RTA proposes drought contingency measures for resorts

RTA proposes drought contingency measures for resorts

After confirming that golf courses could be forced to lower irrigation levels, the Algarve Tourism Board (RTA) has proposed a series of contingency measures for resorts.

Among the suggested measures are turning off ornamental water fountains, or reducing the watering of green spaces.

Speaking to Lusa news agency, RTA boss João Fernandes said that the proposals were created with business associations in the sector and the Portuguese Environment Agency (APA) and join a “diverse range of measures” that have already been adopted in the tourism and hospitality sectors to reduce water consumption.

“We have proposed measures that address various areas of activity in the tourism sector, in particular the hotel industry, because golf courses are already engaged in finer work, course by course, with the Portuguese Environment Agency, the fruit of work that we began in 2020 with the Water Efficiency Plan [of the Algarve],” João Fernandes said.

As the tourism chief explained, these measures are sorely needed in a region that is “in a situation of contingency” caused by a “worrying and prolonged drought situation”.

However, he stressed that “measures to cut consumption for human supply are not and never were in consideration.

“This is very important to say, because neither tourists nor residents will have, until October next year, water supply cuts for human consumption,” Fernandes guaranteed.

Said Fernandes, along with the proposed measures, the use of alternative water sources is recommended, with a “greater balance between surface and underground water collection”, depending on the availability of each area.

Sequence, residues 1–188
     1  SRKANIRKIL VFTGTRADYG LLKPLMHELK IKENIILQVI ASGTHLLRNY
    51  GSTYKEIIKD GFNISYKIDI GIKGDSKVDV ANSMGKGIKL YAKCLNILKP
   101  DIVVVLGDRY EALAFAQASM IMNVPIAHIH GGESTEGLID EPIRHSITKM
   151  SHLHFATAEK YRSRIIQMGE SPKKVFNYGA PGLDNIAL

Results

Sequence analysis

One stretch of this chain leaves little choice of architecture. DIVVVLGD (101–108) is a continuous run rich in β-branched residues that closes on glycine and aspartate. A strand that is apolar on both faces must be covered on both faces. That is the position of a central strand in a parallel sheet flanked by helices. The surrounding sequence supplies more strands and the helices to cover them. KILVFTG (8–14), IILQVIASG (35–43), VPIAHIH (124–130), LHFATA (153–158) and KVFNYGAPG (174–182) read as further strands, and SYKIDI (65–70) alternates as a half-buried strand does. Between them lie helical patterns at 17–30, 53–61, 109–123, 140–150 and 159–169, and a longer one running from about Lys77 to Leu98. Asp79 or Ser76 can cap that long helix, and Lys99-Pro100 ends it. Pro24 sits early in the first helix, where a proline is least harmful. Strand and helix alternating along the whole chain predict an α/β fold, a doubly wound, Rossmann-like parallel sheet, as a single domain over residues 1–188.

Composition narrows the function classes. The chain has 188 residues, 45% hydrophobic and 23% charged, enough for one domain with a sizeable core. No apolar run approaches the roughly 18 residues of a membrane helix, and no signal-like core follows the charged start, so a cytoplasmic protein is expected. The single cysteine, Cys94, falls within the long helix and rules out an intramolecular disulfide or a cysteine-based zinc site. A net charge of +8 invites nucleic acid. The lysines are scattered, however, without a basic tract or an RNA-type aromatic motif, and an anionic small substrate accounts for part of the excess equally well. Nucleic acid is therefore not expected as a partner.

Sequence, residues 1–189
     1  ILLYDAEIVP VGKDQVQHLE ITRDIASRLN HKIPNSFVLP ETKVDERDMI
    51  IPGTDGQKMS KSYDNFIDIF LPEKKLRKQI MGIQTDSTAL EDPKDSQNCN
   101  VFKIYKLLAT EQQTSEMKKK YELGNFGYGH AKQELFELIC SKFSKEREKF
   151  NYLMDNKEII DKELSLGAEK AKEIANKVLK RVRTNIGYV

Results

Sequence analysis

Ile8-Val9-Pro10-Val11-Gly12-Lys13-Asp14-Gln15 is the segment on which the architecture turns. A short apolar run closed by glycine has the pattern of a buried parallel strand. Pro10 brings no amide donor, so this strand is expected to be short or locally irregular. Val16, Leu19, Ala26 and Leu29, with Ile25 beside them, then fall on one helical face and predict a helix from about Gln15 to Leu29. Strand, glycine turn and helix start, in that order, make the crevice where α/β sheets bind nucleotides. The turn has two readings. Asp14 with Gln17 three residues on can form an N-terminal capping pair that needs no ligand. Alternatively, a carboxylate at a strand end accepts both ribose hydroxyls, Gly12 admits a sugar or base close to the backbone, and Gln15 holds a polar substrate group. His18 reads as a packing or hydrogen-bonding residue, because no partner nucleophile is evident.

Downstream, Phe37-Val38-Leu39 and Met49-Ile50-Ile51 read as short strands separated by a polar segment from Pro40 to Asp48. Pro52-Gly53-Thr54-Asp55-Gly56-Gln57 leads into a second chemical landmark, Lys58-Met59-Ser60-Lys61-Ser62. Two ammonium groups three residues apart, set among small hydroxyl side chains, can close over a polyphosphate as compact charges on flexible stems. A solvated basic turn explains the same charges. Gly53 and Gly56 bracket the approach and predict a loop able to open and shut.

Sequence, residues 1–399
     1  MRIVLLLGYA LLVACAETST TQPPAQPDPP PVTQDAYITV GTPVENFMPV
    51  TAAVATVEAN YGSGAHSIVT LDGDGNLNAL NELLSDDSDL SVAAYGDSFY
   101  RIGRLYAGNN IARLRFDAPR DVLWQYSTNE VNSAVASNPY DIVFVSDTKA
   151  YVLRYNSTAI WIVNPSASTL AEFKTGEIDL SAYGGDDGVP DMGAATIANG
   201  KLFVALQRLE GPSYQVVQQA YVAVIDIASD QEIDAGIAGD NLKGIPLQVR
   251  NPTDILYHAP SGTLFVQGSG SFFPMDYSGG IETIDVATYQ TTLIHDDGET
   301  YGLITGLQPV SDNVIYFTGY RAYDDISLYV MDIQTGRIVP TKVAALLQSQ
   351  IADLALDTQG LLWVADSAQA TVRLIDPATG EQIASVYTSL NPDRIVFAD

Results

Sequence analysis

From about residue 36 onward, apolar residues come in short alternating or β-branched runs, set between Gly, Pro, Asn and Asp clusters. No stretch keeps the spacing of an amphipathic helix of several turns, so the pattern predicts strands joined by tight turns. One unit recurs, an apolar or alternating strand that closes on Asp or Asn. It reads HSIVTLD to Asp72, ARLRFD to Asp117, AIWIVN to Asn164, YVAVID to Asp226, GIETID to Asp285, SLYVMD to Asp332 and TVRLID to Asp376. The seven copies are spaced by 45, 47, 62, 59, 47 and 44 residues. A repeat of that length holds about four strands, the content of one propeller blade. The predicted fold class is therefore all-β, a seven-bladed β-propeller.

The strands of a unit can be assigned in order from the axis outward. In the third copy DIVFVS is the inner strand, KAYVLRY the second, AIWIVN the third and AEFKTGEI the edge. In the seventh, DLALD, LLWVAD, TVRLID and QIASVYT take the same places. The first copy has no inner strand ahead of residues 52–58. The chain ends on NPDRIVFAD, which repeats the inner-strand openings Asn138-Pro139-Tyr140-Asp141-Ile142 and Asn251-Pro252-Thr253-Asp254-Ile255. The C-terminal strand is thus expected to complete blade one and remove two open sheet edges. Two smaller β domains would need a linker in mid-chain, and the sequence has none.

The RTA’s proposal was “based on four areas”, such as “management, in which tourist resorts propose to carry out regular water consumption audits”, and the “involvement of customers and staff in detecting losses,” allowing the “adoption of more responsible practices in water use,” he said.

Raising awareness among holidaymakers about “procedures for changing sheets and towels, establishing a minimum period of use of towels of two days,” as well as training workers in specific sections, such as laundries, to adopt water-saving practices are also part of the RTA’s proposals, he added.

Fernandes noted that the sector has already adopted measures in this field, such as flow reducers, installation of dual flush toilets, timers for taps.

However, the tourism boss said it is increasingly necessary to “use lower quality water for irrigation and washing” or “improve the cleaning of swimming pool filters and water treatment to avoid the need for water renewal.”

It is also necessary, according to him, “to reduce or adapt the cleaning techniques of public areas, avoiding washing with hoses or pressure washers, reduce or even cancel the operation of ornamental fountains, accelerate measures in the area of irrigation that lead to greater efficiency, such as installing meters for various sections, to detect losses and better analyse consumption, and favour the use of indigenous species in green spaces, with less need for water.”

“What we are talking about here, (…) is the need to speed up the implementation of water efficiency procedures and even to take – as is the case of ornamental fountains, the irrigation of green spaces or the renewal of swimming pool water – more short-term, specific measures, because of the occasional water stress this summer,” he argued.

As for golf, João Fernandes highlighted the effort being made to increase irrigation with treated wastewater which aims to multiply the total amount used from one cubic hectometre to eight by the end of 2023.

Fernandes also highlighted the “reduction of the game area to have less irrigated area, the change of grass to warm-season grasses, with less water consumption” and “improvements in the efficiency of the irrigation and drainage itself, creating common points of confluence of water” as other measures to be adopted in golf, which is already “one of the most environmentally sustainable tourism products.”